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William E. Odom, 75; Military Adviser to 2 Administrations
After teaching government at West Point, he returned to Columbia for a PhD in comparative politics in 1970. Gen. Odom was a military attache at the U.S. Embassy in Moscow from 1972 to 1974, where he studied Soviet life. He also spent more time on the West Point faculty in the 1970s and at Brzezinski's Research Institute on Communist Affairs at Columbia.
When Brzezinski became Carter's national security adviser in 1977, he named Gen. Odom his military assistant.
"He was both a fighter and an intellectual," Brzezinski said.
Because of his fierce anti-Soviet stance, Gen. Odom was known as "Zbig's superhawk" and his "crisis coordinator," who helped plan responses to the Soviet invasion of Afghanistan and the capture of hostages at the U.S. Embassy in Tehran in 1979.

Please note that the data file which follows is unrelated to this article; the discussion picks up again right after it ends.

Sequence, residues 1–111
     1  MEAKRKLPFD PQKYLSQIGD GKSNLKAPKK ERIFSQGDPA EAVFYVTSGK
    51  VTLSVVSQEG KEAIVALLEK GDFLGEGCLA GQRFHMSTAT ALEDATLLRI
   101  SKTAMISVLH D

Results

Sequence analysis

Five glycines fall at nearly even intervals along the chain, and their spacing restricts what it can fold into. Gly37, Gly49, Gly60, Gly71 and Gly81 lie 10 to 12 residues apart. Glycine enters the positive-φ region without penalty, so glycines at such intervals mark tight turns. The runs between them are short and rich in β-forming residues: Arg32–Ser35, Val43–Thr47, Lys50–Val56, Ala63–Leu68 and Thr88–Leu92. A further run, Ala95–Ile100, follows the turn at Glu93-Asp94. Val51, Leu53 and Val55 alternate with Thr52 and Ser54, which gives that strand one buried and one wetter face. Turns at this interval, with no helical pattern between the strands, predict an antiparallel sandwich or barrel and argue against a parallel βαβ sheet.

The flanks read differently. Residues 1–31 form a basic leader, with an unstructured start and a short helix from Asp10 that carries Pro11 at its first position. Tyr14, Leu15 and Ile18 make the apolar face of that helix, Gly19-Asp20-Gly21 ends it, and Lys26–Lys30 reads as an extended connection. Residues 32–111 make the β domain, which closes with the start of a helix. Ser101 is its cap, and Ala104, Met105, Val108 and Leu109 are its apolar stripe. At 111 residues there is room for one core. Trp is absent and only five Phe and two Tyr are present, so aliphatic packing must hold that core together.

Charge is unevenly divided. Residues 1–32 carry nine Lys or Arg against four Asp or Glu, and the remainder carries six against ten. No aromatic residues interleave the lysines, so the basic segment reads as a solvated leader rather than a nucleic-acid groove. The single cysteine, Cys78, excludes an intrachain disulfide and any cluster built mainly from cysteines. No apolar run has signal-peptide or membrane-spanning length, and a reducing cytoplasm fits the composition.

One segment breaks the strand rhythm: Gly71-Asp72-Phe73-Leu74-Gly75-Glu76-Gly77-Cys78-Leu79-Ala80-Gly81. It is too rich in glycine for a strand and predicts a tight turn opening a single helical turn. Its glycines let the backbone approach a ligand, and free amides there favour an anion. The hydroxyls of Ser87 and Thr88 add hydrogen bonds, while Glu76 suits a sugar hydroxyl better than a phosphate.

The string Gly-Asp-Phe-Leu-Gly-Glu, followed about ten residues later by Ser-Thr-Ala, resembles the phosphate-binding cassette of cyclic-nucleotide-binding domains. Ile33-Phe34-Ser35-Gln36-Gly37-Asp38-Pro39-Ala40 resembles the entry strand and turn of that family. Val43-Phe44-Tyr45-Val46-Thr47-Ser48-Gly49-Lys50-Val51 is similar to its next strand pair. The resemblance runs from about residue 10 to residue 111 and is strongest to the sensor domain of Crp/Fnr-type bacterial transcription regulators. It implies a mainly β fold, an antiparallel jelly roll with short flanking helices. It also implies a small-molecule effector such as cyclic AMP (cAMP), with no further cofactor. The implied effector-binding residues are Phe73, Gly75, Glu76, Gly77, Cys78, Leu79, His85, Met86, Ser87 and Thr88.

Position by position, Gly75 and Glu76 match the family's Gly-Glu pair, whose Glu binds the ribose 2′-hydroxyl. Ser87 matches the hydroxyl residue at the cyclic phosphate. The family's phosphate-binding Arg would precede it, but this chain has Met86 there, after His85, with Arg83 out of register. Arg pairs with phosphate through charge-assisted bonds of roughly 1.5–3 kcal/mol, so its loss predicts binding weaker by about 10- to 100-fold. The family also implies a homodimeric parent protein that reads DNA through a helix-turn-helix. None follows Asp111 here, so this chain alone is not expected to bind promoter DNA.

Gen. Odom spent four years in Army intelligence before being named director of the National Security Agency, the government's largest spy operation, in 1985. He threatened to prosecute journalists at The Post and other media outlets in 1986 for compromising national security after exposing a U.S. eavesdropping operation by submarines in Soviet harbors.
In 1988, Gen. Odom retired from the Army and NSA and began a career in academia. He was a resident of Washington but had taught at Yale University since 1989. He wrote seven books in the past 16 years, including the authoritative "The Collapse of the Soviet Military," which portrayed the Soviet military hierarchy as bloated and hopelessly corrupt.
"He was a genuine scholar who loved scholarship and wrote some important books and was a very effective teacher," said Brzezinski, who added that he and Gen. Odom often played tennis. "He was better than me," Brzezinski said.
Survivors include his wife of 45 years, Anne Odom, a former chief curator of the Hillwood Estate, Museum & Gardens, of Washington and Lincoln, Vt.; a son, Army Lt. Col. Mark Odom, of Fort Lewis, Wash., who was wounded in action in Iraq; a brother; a sister; and a granddaughter.